Apartment Style and Home Design: Understanding Different NYC Apartment Types
When apartment-hunting in NYC, it pays to become familiar with this city’s unique lexicon of apartment styles, especially when it comes to home design. Here are some of the apartment types you’re bound to encounter in your search.
When apartment-hunting in NYC, people quickly become familiar with this city’s unique lexicon of apartment styles. And when you’re thinking about home design, knowing which type of apartment you’re interested in will help immensely — after all, a four-poster bed probably won’t work for a studio. Here are some of the apartment design styles you’re bound to encounter in your New York apartment search.
You open the door to the apartment, and there’s the bed: Welcome to the NYC studio. This all-in-one setup may come with the kitchen and living and sleeping space coexisting in a single room, or you might find a studio with a separate kitchen area. Many people prefer having the kitchen set apart from the rest of the living area because it helps give the impression of a larger layout.
A step up from the studio is an alcove studio. This type of studio has a separate wing or nook that can be used as extra living space. Many people put their beds in the alcove so that it’s hidden away from the rest of the space, giving the impression of having a one-bedroom that’s simply missing its bedroom door. New Yorkers have become very adept at using brilliant home design tricks to make their studios seem more spacious than they are.
The Junior One-Bedroom
This type of apartment, often referred to as a Junior 1, is actually a studio that has an extra, windowless room in it. You may think, “Well, why don’t they just call it a one-bedroom?” They can’t call it a one-bedroom because by law, a room is not allowed to be called a bedroom if it doesn’t have a window in it.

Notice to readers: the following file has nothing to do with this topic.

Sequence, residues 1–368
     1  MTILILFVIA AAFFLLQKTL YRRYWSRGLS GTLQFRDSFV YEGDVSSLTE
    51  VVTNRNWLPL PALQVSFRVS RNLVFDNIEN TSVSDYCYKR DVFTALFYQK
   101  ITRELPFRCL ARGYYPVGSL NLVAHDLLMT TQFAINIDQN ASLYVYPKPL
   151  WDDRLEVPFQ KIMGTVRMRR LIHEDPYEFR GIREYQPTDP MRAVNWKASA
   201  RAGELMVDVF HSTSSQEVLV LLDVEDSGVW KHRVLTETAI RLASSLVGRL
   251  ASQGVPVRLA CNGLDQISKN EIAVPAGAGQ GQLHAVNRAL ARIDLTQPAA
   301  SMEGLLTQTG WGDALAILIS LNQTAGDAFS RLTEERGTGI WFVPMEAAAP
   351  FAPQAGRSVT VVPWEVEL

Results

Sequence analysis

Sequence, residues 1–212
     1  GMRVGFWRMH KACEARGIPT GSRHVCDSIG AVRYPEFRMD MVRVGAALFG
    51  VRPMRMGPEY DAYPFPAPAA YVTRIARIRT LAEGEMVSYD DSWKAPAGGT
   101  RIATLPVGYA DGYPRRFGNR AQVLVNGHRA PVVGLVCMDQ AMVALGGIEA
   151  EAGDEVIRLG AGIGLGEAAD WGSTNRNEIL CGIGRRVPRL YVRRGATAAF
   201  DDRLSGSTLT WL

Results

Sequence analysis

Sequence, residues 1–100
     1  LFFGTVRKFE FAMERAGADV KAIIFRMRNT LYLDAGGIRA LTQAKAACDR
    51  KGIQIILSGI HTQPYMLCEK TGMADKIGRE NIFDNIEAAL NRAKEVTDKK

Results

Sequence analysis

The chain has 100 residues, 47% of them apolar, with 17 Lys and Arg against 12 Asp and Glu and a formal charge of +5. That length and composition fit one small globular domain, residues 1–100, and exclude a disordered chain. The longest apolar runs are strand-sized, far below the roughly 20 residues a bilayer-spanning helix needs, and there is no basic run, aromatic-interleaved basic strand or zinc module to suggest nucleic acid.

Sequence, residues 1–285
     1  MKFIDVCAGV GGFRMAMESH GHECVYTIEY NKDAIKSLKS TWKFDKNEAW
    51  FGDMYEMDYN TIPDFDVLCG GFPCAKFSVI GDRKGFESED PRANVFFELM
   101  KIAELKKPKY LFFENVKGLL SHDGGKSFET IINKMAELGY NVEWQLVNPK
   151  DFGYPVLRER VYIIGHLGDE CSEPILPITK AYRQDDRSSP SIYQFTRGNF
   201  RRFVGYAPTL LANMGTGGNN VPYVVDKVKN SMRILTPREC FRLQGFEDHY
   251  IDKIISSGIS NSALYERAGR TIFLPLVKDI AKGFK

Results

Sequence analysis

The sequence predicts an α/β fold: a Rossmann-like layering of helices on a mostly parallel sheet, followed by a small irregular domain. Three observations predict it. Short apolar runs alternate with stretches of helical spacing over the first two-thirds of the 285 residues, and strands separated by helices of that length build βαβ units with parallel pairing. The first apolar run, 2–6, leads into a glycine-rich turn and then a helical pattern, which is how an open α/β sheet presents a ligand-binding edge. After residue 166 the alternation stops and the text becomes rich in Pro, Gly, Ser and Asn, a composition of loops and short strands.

This apartment is exactly what it sounds like: an apartment where the rooms are arranged in a pattern similar to the way train cars are linked together. The apartment’s rooms are linked together by a hallway that runs along the entire length of the apartment. One door usually leads into the apartment, and the rooms flow into each other like railroad cars. This apartment type was developed in the mid-1800s to address severe overcrowding in the city. When it comes to home design, make sure to think of the way the rooms flow into each other.
A quintessential NYC-style living space, the loft is a wide-open living space often found in a building formerly used for industrial purposes (e.g., factories or meat-packing plants) that have been repurposed into living spaces. Lofts were originally primarily the domain of artists on the hunt for large, cheap (and often free and illegal) spaces filled with giant windows and plenty of light. Now, everyone has “loft” on their New York real estate wish list. Today’s lofts are streamlined, luxury spaces that strive for the perfect blend of vintage fixtures mixed with top-notch modern amenities, allowing them to work perfectly with the latest home design trends.
The Classic Six
The classic six is one of the most envy-inducing apartment styles in the city. The reason that many people would sell their right arm for these apartments is that they’re the perfect size for many NYC residents with children. The six rooms consist of a living room, a dining room, a kitchen, two full-sized bedrooms, and a small extra room. Back in the day when live-in help was de rigueur, that last room was usually the maid’s room. Today, that room is usually used as an extra bedroom, guest room, or office.
Image Source: Flickr/Max Touhey